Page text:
Japan: funding for nanoglass development projects

The New Energy and Industrial Technology Development Organization (NEDO), a Japanese government organization funding project proposals by Hitachi, Hitachi Cable, and Nippon Sheet Glass to develop mate…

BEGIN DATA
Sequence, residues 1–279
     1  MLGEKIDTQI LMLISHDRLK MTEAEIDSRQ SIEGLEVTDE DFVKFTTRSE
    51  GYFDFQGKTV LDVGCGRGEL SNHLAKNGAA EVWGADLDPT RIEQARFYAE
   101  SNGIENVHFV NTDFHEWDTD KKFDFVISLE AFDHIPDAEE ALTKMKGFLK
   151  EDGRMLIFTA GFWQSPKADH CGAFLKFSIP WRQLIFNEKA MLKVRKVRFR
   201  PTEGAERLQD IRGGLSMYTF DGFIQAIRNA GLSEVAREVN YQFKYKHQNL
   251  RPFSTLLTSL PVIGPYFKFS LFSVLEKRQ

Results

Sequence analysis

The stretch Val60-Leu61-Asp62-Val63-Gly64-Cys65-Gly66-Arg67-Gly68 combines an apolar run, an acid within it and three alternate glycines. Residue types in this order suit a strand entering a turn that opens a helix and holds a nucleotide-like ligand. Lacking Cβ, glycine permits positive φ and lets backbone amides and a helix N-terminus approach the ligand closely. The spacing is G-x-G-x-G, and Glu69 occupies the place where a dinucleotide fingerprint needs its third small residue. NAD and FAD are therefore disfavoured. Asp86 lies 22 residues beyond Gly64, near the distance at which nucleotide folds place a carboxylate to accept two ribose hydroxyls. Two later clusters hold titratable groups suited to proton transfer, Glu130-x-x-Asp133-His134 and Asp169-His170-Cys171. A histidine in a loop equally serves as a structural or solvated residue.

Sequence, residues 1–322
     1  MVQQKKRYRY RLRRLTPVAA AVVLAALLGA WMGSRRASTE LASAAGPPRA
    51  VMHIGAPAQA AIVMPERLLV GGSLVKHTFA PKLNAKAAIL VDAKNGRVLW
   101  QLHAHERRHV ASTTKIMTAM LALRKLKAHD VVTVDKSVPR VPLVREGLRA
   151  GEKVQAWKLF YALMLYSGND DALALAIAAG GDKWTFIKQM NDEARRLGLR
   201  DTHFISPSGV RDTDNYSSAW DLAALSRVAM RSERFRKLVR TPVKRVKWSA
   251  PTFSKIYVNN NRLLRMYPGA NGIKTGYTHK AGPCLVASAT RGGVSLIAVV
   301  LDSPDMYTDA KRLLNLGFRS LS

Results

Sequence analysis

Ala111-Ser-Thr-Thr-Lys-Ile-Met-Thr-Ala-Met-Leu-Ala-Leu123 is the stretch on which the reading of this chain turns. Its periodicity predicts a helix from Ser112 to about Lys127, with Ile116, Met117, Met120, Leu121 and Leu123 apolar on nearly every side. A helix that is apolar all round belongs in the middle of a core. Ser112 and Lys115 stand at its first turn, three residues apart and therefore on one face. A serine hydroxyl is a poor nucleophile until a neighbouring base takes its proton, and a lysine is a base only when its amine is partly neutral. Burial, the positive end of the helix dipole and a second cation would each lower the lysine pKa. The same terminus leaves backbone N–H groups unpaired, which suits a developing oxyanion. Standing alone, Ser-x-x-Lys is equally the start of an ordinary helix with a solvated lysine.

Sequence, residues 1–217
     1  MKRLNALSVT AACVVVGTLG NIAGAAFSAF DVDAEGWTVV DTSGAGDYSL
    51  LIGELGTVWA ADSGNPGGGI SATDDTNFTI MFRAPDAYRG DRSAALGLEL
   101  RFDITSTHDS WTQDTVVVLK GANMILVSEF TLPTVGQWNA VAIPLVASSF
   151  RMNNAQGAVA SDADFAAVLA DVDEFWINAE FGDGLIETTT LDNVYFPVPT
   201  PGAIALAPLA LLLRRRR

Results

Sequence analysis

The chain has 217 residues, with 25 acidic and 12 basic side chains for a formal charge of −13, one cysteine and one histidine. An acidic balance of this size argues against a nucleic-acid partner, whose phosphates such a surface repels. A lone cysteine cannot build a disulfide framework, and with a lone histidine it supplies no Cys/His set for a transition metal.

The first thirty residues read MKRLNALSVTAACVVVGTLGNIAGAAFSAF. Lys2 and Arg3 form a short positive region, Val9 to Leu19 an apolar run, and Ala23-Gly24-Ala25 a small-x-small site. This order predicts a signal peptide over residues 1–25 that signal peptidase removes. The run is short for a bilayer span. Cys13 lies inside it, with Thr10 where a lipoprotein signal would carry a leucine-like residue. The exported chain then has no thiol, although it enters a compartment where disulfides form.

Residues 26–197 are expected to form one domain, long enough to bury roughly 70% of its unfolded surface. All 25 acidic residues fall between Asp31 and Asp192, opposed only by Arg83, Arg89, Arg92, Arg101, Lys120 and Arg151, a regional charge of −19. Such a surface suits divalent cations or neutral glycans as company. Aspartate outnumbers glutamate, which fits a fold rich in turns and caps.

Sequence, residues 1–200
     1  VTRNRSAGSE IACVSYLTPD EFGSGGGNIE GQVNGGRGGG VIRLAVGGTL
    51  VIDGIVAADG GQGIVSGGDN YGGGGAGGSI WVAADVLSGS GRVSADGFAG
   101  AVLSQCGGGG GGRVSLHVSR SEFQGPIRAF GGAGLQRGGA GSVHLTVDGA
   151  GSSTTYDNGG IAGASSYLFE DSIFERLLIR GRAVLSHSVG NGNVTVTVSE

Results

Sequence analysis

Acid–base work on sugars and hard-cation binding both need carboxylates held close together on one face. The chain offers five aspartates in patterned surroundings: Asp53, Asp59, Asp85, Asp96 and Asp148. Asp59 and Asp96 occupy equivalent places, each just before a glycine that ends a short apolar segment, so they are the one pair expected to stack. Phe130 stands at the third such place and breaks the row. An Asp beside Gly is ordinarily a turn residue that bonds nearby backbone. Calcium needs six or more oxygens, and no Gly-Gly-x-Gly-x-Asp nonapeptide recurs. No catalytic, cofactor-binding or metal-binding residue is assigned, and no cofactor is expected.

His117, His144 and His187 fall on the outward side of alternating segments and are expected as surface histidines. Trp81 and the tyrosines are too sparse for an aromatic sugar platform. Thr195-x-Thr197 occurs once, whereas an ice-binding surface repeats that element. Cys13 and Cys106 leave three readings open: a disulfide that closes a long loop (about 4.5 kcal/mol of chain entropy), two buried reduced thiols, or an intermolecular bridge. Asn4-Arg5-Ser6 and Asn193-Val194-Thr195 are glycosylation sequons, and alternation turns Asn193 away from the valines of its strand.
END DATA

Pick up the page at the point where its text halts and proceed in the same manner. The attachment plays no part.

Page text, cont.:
The New Energy and Industrial Technology Development Organization (NEDO), a Japanese government organization funding project proposals by Hitachi, Hitachi Cable, and Nippon Sheet Glass to develop materials technologies for commercializing nanotechnology glass used in next-generation, high-performance optical storage systems. The proposals were submitted through the New Glass Forum, a non-profit organization comprising Japanese glass-makers, glass-users, and academia researchers, under NEDO“s Focus 21 program aimed at putting life back into Japan“s economy. Hitachi will attempt to develop thin film used in condensing the radium of blue-violet semiconductor lasers with a wavelength of 450 nanometers. The firm says it will develop such film, required to realize 350 gigabyte digital video discs, by using a cobalt oxide-based material and optimizing its composition and structure, as well as its thickness, when made into film. Hitachi Cable is looking to develop smaller-sized, high-density optical waveguides for use in optical communications through a metro-access network. The firm plans to use such methods as plasma chemical vapor deposition in producing glass film used in optical waveguides, while studying the correlation between the volume of dopants and optical waveguides“ fundamental properties, such as optical loss and polarization dependant loss. Hitachi Cable believes that optical loss can be cut to a minimum over a wide range of wavelengths by reducing the content of the hydroxyl group in the waveguiding layer. Nippon Sheet Glass will seek to develop deep-groove laminate – composed of silicon dioxide, titanium dioxide, and silicon nitride, with different refraction factors, and etched for high aspect ratio – which is capable of effectively separating wavelengths. The firm will concentrate on developing multilayered deep-groove diffraction gratings with each layer measuring 15 nanometers or less.